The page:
Picture a scenario: One evening, I’m sitting with a group of friends at the table of a busy restaurant. It’s clear that I’m somewhat distracted already; the waiter and busboys are perpetually flanking us on all sides, all too quick to snatch our plates away or refill our glasses. At the table next to us, a set of parents tries to corral their toddlers as they scream, drop sticky bowls of sherbet, and leap from their seats to explore. The lights, bright and intrusive, glow overhead.
And then, without any notice, a live musical act begins setting up in the corner and testing their instruments. This simple act puts me over my tolerance threshold, and suddenly, I am in shutdown mode, dissociated and uncomfortable, swathed in the physical reaction to too much sensory stimuli, and unable to see or hear properly. My head aches and, under my skin, the march and burn of — what, blood? Errant fire ants that somehow found a doorway into my system? The feeling of being gone, unable to see, hear, interact, maintain composure, or surface from this state of being, means I need to find a quiet, safe place — stat. I rise from the table, and I jet towards the front door.
Get me home.
I have sensory processing issues. Let’s talk about the three big Ds that people use when describing them:
I am a woman with sensory differences. Welcome to the first D! I am different when it comes to how I perceive the sensory world around me. My brain is wired differently. I don’t process sensory information the same way as most people because I have structural, neurological differences. It’s not unlike someone with Epilepsy or Multiple Sclerosis; something is not the same in the wiring of my brain. And that’s totally cool.
When I show up to dinner, I am arriving at the party with sensory differences. Of the eight friends, another one of us may also have sensory differences. People make mention of a sensory spectrum that, like human sexuality, represents all possible variations of the experience, and I am 100% on board with this idea. After all, we know better these days than to say one experience is “normal” and another is not. Yet, even by using the word “differences,” we recognize that we are comparing ourselves to a larger group and that we don’t entirely fit in the same parameters.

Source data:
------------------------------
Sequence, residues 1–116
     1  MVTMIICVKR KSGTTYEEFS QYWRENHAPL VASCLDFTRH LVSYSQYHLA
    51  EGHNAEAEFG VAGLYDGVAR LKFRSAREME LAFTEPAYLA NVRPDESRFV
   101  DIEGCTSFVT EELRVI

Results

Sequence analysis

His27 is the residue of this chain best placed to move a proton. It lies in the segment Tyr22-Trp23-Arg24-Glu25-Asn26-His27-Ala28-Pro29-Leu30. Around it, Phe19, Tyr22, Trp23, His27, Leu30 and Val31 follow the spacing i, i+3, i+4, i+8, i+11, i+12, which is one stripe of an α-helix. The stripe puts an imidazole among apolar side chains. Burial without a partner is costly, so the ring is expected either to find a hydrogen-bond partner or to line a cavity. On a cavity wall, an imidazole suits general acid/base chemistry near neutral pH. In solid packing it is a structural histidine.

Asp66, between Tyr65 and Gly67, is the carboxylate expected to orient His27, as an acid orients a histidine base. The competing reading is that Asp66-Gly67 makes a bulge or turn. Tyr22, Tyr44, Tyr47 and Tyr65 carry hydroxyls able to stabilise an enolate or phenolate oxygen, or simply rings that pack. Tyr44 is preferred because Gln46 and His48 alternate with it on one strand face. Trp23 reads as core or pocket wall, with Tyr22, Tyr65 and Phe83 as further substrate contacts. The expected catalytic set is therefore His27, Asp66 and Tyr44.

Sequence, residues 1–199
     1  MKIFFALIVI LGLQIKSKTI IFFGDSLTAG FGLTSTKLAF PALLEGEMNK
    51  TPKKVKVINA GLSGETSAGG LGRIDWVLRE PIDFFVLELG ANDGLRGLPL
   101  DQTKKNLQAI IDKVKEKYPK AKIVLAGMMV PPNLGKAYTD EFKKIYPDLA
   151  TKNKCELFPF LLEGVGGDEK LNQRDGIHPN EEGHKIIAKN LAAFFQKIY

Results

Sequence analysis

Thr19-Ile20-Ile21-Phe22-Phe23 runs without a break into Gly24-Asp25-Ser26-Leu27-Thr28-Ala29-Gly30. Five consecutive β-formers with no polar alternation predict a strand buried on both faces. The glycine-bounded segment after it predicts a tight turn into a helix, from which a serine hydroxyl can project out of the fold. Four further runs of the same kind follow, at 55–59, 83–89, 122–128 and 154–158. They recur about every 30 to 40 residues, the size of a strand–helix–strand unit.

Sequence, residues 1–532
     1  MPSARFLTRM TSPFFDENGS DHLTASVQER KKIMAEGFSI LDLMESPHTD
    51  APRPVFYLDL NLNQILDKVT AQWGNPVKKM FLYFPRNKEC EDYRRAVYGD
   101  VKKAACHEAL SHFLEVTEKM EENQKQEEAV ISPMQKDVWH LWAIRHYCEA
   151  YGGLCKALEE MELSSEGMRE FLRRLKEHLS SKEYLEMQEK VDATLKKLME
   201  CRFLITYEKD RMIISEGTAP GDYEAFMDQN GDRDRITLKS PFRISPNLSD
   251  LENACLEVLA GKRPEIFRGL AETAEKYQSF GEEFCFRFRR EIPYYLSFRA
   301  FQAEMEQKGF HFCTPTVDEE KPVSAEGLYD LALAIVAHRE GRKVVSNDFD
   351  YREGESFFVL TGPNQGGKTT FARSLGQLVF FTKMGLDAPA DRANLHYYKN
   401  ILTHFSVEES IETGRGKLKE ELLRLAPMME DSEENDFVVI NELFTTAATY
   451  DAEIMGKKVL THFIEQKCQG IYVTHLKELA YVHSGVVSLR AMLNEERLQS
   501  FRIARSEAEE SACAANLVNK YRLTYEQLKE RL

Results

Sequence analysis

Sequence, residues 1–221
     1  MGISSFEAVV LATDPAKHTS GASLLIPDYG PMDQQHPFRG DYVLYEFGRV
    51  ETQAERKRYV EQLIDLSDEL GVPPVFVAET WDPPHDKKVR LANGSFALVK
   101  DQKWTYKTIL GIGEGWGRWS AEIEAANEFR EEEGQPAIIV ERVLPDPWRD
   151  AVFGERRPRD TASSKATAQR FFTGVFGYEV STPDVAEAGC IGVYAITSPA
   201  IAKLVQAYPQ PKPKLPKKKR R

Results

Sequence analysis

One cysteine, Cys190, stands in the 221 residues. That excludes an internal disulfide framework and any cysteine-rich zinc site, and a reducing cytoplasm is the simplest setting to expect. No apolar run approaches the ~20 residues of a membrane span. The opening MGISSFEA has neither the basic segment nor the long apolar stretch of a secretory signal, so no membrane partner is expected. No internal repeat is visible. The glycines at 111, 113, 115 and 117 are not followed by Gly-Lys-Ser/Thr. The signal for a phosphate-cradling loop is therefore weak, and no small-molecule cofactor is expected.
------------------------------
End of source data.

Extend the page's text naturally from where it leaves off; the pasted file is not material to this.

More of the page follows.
The difference — there we are again — is that it doesn’t just end there for me. I don’t go, “Gee, I process things in another way than person X” and go about my life. My sensory issues affect most moments in my day. They affect my life choices and my decisions, both in the moment and in the goal-setting future. They affect the people with whom I spend time, the brands I select, the type of employment that I choose. In short, my sensory issues affect my entire life.
Sometimes I fantasize about the person I’d be without sensory issues. What would I like? Would I bungee jump? Walk the Appalachian Trail? Surround myself only with chihuahuas? Volunteer for Greenpeace? Start a band? I can’t know because my sensory issues are such that they’re an inherent part of who I am and how I experience the world. I’m a woman with brown hair and green eyes. I’m a woman with sensory issues.
I am also a woman with a sensory disorder. What makes what I have a disorder? The term “differences” doesn’t cover enough of what I contend with on a daily basis. A disorder considers of patterns of behavior and thinking that influence our experience of the world. I most certainly have a pattern, as do most adults with sensory issues. We react to certain stimuli the same way every single time. Our thoughts, especially for those of us who grew up without a diagnosis, often turn to similar, self-defeating statements in the presence of these stimuli.